TOKYO, Oct. 15 (IFR) - The primary market continues to hog
the attention of traders, with actual secondary trading very
scant as brokers followed the headline flow of new issues.
Likewise, most of the two-way activity done on the more recent
bonds, which are still seeing position-shifting.
The unrated five-year bonds of Regal Hotels, for one,
started the day trading below reoffer but later recovered and
were quoted last at 99.40/99.65. The bonds priced on Friday at
The technicals remain positive, though, with research firm
EPFR having reported another week of strong inflows into EM bond
funds last week. The asset class saw USD1.7bn in net inflows in
the week ended October 10.
In response to the growing demand, though, supply continues
to hit the screens and today it was the turn of Korea
Expressway, which is out with a five-year USD bond. Many other
deals, a few in the high-yield space, are preparing to launch
later in the week.
There was some movement on the CDS side as well, as the Asia
iTraxx IG series 18 tightened 1bp to close the session quoted at
126bp/128bp. The move seemed to be more of a reflection of the
equity markets, which ended the session slightly stronger
following positive economic news from China.
Philippines protection outperformed the index a bit,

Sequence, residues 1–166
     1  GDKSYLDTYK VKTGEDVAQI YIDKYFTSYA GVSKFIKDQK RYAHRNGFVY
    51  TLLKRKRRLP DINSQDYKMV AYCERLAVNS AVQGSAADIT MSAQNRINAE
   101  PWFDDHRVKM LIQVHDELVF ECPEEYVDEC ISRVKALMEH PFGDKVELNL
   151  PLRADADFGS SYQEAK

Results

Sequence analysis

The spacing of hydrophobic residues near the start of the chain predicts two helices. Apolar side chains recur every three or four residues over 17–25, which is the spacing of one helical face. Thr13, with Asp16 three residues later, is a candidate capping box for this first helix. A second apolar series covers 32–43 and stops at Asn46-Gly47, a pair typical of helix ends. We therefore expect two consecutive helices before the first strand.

tightening 2bp to 104bp-109bp as some investors sold protection
following the announcement that the government had signed a
peace agreement with Muslim rebels in the province of Mindanao.
The headline came late in the session and had a marginal effect
on trading though. as much of the market had already priced-in
In an interview with IFR, though, the funding manager for
the Philippines was quite bullish about the peace treaty with
the rebels in Mindanao. When the Mindanao region is better
integrated, "the potential for contributing to the Philippines
economy is huge," Tan told IFR during a meeting on Saturday.
Market players, however, shrugged the news as just another
positive headline from a sovereign that has been improving its
credit metrics steadily for the past five years.
Indeed, five-year CDS for Indonesia was also 2bp tighter in
the day, while China, Malaysia and South Korea were 1bp tighter
at the close. Apart from the CDS moves, there was little to
write home about in terms of trading in investment-grade
credits. "It was a very sleepy day, I spent most of it catching
up with admin stuff," said a distribution banker.
There were a couple of trades on the high-yield front, but
nothing eye-catching. The exception probably being the bonds of
China Oriental, which had dropped to 83.50 last week but
recovered to 85.50/86.50 following the announcement that the
company is doing a Dutch auction for up to USD100m of its
outstanding 7% 2017s.
The price range on the tender is from 84.50-88.00, so
investors started to bid the bonds up in an attempt at getting a
higher price on the buyback.
Lippo Karawaci, which also announced a tender for its 2015s
alongside a USD100m reopening of its 2017s, did not move on the